You mention the Challenge Limus tread as one you appreciate for muddy cyclocross racing. While there are plenty of tubeless cyclocross tires labeled for mud, such as the Specialized Terra,Maxis Mud Wrestler, and WTB Cross Wolf, we wouldn’t describe any of them as excellent tires for muddy races, but all are fine for mixed conditions with some mud thrown in. The best tubeless mud tires might be the Vittoria XL TNT with its tight bead and large knobs and the upcoming Clement BOS tire, which we’ve just started to test, but have not tried it on an American Classic rim yet. Run the Vittoria XL backwards on the rear for maximum driving grip. Kenda also has an upcoming Cholla tubeless mud tire in the works.

Lastly, because we’re not in a rush this time of year, and tend to venture into gravel or singletrack on our drop-bar rides, we actually prefer to be riding on 40+mm tires this time of year, and the Soma Cazadero, reviewed in Issue 29, is one of our go-anywhere favorites that converts quite well. But not that many cyclocross bikes have clearance for that big of a tire.

We also recently came across a similar question from Matthias B. not too long ago on a message board we’re part of. Matthias is looking not just at tires, but also wheels that will best accommodate a tubeless setup. Matthias is building up some new wheels and he:

….would be stoked to have a burp free experience. Like most guys, I am not concerned about UCI regulations. I would ride 35mm tires for Cross, 38 to 40mm for gravel events. Disc brakes. Is there an agreement on the perfect rim width? My current considerations are HED Belgium Plus and Pacenti SL25 Discs. Both are 20mm internal width. Then the tire. I assume tubeless ready would be preferable. (I already had a softer beaded tire blowing [sic] off a rim). [You] seem to like the WTB Cross Boss TCS and the Specialized 2Bliss tires. Are those tires and the rims I mentioned the winning combination? Or is there anything even better?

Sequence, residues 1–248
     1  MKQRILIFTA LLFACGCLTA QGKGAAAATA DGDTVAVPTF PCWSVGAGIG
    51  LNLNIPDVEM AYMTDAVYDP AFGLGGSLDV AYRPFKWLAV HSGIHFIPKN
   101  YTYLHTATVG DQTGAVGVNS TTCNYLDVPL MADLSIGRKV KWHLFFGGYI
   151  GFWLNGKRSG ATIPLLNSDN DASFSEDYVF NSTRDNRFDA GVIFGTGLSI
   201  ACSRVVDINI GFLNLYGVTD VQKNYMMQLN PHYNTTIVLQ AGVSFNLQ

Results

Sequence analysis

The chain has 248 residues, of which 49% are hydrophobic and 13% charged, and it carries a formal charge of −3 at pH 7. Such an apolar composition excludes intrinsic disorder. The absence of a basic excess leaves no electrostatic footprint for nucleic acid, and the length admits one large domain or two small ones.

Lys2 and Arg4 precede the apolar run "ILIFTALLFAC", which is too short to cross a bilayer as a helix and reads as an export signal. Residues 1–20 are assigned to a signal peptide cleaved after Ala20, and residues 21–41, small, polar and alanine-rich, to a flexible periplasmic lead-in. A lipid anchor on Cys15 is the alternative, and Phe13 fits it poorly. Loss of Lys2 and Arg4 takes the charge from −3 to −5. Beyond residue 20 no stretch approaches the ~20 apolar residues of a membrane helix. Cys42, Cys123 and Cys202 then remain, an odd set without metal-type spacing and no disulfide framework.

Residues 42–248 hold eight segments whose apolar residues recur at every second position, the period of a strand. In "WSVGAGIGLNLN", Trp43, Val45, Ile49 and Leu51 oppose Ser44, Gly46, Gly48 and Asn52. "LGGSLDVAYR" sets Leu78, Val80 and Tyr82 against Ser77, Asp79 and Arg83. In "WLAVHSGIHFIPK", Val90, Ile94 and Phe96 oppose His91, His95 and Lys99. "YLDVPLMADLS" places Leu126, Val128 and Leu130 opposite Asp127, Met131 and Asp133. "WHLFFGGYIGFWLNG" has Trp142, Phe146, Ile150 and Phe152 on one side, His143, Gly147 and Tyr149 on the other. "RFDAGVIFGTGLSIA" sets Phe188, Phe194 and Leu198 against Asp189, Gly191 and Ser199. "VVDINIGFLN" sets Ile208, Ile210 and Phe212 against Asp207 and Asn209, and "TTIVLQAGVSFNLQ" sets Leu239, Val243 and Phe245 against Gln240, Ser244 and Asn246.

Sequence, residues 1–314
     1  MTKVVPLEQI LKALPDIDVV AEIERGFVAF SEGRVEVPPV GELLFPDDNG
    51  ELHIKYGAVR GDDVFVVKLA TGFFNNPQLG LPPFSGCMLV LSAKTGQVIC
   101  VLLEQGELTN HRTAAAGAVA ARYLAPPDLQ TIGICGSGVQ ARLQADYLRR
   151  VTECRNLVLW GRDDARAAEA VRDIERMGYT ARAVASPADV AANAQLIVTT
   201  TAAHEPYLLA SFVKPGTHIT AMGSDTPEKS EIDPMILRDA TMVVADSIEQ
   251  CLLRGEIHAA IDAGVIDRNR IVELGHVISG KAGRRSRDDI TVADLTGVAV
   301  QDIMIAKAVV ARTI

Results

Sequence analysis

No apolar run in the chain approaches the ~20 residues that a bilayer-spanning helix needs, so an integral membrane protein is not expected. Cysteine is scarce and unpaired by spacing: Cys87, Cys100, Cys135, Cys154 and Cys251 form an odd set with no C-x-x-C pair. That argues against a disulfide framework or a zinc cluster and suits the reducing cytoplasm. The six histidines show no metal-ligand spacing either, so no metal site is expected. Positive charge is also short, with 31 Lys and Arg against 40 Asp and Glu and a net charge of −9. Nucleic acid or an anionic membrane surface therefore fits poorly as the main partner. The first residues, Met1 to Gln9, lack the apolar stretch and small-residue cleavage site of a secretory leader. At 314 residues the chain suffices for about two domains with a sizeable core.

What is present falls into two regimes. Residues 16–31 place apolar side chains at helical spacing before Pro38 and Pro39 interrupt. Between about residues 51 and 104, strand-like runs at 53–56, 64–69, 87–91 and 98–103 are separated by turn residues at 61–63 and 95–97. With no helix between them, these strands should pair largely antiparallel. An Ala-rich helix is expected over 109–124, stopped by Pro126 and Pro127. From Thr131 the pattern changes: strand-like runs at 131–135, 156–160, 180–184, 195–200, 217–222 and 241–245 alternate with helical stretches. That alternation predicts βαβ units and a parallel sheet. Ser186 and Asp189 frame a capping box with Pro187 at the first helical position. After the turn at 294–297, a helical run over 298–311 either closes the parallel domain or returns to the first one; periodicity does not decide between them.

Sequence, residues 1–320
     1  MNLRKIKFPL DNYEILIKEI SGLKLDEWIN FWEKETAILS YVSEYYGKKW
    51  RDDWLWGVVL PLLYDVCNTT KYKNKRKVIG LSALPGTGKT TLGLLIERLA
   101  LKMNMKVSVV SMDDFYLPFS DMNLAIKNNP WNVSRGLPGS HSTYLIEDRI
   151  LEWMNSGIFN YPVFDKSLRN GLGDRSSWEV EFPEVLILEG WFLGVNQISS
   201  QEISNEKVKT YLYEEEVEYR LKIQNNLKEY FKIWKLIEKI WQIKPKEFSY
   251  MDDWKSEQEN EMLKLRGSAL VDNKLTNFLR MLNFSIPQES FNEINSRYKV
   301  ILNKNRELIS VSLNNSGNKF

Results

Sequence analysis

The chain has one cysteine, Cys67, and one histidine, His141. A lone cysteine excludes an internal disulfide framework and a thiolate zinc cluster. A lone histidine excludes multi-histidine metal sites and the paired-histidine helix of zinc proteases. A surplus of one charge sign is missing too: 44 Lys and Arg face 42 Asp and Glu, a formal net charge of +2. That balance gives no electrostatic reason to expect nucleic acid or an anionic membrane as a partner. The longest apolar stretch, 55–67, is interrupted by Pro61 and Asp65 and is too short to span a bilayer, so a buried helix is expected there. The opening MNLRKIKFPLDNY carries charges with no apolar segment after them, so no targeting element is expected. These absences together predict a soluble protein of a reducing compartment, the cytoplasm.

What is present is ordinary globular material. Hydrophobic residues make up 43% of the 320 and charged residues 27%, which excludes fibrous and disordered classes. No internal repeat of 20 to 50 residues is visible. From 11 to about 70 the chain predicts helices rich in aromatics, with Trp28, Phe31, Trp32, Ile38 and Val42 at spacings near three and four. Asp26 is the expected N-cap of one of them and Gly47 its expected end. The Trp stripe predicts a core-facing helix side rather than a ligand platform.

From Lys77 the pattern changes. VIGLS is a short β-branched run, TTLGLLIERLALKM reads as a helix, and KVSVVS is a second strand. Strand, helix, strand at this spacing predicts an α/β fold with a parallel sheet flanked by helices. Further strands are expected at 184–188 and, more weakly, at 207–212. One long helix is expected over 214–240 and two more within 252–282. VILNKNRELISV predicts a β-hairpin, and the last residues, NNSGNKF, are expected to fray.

Again, rider weight, riding style and typical conditions could help inform the best choice for Matthias. But for what we know about the strong singlespeed racer, WTB TCS tires like the Nano and Cross Boss have beads that are so tight, they’ll be a good bet for burp-resistant riding on most rims, but pretty much impossible to mount on the slightly larger diameter rims like those from NoTubes and Alchemist, or rims without a wide, deep center channel (which he probably doesn’t really want anyway). And if a rider got a tire mounted on those bigger rims, he or she might be cursing should they need to insert an inner tube out on the trail.We’ve had good luck with the Pacenti rims and Cross Boss.

The Pacenti SL25 rim is 450g, 20mm wide internal, and 25mm deep. Relies on tape for tubeless use. © Cyclocross Magazine

The Pacenti SL25 rim is 450g, 20mm wide internal, and 25mm deep. Relies on tape for tubeless use. © Cyclocross Magazine

Because the Specialized 2bliss tires’ bead have been a little looser, they’ve been a bit pickier on rim choice. While we have not tried the Pacenti/Specialized combo, the Trigger Pro 38c 2bliss didn’t work well on Road Tubeless rims but is a nice hardpack tire. Wider tires are almost always more burp resistant for a given pressure or rim.

As for rim width and 40c tires it might actually depend on your frame’s clearance. That could be the limiting factor. Our best setups to avoid burps have always had the tire a good amount wider than the rim. But 20mm internal works well for 33/35c tires if it has a nice wide shelf for the bead to sit on. We haven’t tried the HED rim with either tire. Whatever set-up Matthias goes with, our general rule always applies: If you can finger burp it at riding pressure, it’s a no go in our book.

Be it on the history of cyclocross or a tech questions, submit your own Wednesday Wonderings using the form below. Be sure to include an email address so we can follow-up with you if needed!